I’m also a bit concerned about the short term for lending. Live Oak has built its business around small business lending to niche verticals through a high-touch model, but I’m concerned about the risk of weaker loan demand over the next 12-18 months, so as businesses face higher rates and greater uncertainty about the economy.
To be very clear, however, this is a short-term concern. Longer term, I think small business lending is an attractive market for Live Oak because many large banks don’t handle small business customers particularly well and smaller banks struggle to compete on quality of service . I love the company’s high-touch model (a model used successfully by companies like First Republic (FRC) and Summit (PNFP)), as well as the company’s ongoing efforts to develop technology-enabled banking services, including integrating banking functionality into ERP software packages used in its targeted specialty verticals.
I’m not worried about credit quality here. More than 40% of the bank’s loans are guaranteed by government organizations such as the SBA, and since 2012 the bank has accumulated a total of $56 million in net write-offs against $19.6 billion in loans. In this context, I think the bank’s 1.2% reserve position is good, and I’m not concerned about credit quality or capital adequacy here.
As the bank grows, it is likely to exceed what SBA loans can provide, but by building these specialized verticals, the bank should be well positioned to expand without too much trouble into C&I loans and more conventional CREs. Also, I think tech-enabled banking is going to become the norm, and that’s going to make life difficult for smaller banks that don’t have Live Oak’s understanding of fintech and the capabilities it’s gained through fintech partnerships.
I expect double-digit growth in long-term core earnings from Live Oak, and managing that growth will create challenges for the bank, but I’m also using a higher discount rate here than I’m would do it for First Republic or a more conventional bank like PNC Financial (ANC).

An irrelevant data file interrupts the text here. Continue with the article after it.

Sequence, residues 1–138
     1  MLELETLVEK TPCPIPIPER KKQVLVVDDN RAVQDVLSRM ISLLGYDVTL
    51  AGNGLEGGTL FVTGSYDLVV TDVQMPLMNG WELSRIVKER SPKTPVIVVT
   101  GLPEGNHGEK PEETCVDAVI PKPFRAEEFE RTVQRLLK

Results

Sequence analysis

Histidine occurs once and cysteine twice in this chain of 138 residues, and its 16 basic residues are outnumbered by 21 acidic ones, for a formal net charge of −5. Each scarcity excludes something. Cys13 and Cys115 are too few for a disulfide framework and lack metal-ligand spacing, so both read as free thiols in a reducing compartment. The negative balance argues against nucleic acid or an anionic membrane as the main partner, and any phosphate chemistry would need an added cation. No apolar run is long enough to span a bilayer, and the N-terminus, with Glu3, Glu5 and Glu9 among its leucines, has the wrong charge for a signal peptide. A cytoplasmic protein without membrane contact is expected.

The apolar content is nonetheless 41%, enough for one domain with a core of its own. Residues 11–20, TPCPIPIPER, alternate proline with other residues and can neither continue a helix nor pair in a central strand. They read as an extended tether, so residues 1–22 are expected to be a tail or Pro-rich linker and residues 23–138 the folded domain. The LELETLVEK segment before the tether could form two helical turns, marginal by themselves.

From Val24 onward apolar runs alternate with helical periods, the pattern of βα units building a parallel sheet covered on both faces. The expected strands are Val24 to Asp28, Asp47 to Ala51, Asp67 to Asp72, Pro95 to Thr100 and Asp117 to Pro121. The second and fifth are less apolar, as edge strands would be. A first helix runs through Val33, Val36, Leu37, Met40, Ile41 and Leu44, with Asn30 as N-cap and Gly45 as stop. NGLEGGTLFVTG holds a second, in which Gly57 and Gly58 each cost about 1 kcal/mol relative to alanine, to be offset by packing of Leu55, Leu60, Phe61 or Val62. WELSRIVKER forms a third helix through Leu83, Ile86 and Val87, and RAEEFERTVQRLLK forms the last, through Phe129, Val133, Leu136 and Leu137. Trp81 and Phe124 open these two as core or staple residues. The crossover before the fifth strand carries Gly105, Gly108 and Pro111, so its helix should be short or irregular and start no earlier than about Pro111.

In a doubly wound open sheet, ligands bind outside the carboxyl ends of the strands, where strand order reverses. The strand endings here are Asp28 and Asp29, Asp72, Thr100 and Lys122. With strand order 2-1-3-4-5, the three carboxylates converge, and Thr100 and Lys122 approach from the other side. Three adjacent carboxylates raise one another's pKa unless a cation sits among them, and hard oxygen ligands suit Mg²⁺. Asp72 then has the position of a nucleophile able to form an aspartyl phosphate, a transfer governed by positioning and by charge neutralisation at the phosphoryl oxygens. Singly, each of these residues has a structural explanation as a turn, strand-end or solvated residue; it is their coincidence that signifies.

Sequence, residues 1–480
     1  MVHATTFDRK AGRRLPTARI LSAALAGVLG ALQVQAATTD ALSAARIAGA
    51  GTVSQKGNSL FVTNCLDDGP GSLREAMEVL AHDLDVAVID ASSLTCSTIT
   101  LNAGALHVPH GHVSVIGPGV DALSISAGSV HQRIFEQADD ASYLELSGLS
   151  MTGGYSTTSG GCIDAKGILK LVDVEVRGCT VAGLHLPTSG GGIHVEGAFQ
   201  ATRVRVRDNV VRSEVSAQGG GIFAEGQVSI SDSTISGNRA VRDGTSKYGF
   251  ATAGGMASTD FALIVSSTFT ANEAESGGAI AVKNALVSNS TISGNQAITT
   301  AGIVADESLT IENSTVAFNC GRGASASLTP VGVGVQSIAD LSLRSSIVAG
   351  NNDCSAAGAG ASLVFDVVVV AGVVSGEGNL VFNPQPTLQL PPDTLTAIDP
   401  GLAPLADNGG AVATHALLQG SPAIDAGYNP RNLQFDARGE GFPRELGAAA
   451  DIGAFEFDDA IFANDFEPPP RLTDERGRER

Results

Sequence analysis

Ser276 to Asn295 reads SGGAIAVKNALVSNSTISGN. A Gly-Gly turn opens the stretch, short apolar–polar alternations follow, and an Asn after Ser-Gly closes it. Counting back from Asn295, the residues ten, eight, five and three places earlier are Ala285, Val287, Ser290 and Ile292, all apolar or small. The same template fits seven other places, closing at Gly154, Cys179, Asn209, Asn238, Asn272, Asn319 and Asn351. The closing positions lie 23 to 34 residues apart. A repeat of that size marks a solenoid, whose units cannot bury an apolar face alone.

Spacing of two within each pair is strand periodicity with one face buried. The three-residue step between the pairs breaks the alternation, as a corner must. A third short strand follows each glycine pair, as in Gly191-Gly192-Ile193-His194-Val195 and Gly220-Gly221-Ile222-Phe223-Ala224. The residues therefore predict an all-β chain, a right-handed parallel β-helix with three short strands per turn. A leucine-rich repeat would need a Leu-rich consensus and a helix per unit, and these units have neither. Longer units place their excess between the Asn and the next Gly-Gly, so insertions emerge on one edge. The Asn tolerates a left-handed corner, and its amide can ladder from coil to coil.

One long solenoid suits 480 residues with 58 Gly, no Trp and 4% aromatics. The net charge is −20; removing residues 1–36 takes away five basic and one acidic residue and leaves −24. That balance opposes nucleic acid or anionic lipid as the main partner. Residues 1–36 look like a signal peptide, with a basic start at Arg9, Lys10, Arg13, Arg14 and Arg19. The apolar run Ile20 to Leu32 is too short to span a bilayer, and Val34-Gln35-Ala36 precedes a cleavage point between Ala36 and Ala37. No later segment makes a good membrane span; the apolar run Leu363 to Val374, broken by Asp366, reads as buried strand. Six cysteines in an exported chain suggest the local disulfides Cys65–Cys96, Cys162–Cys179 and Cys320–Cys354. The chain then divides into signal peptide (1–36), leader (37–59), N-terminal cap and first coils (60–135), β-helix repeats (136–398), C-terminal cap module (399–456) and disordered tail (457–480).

Shares of Live Oak have significantly underperformed over the past year as the market bails out both growth and liability-sensitive names. Even with this underperformance, however, the valuation call is complicated. If my long-term core earnings model is correct and Live Oak can deliver double-digit long-term core earnings growth and low double-digit ROE, these stocks should generate an attractive long-term annualized return. in mid-adolescence. . On the other hand, accurately modeling interest rates beyond a year or two is exceptionally difficult, let alone other bank income items.
Short-term approaches are not so accommodating. Short-term ROTCE in the 12%-13% range only gets me to the current stock price on a P/TBV basis, and although a forward P/E of 13x on my estimate FY23 EPS is not bad relative to growth, many growth banks are now trading at single-digit forward P/Es. I could argue that Live Oak should be trading closer to $40, but sentiment for banks is weak now, and it’s harder to make the case for a premium for a liability-sensitive small business lender in a cycle of tightening.
Investors willing to accept and look past the short-term risks that Live Oak’s spread income could underperform on higher-than-expected filing costs and sentiment could worsen further might like what they find here. At a minimum, I think it’s a name to keep on a watchlist, but I think it may be early to establish a full position.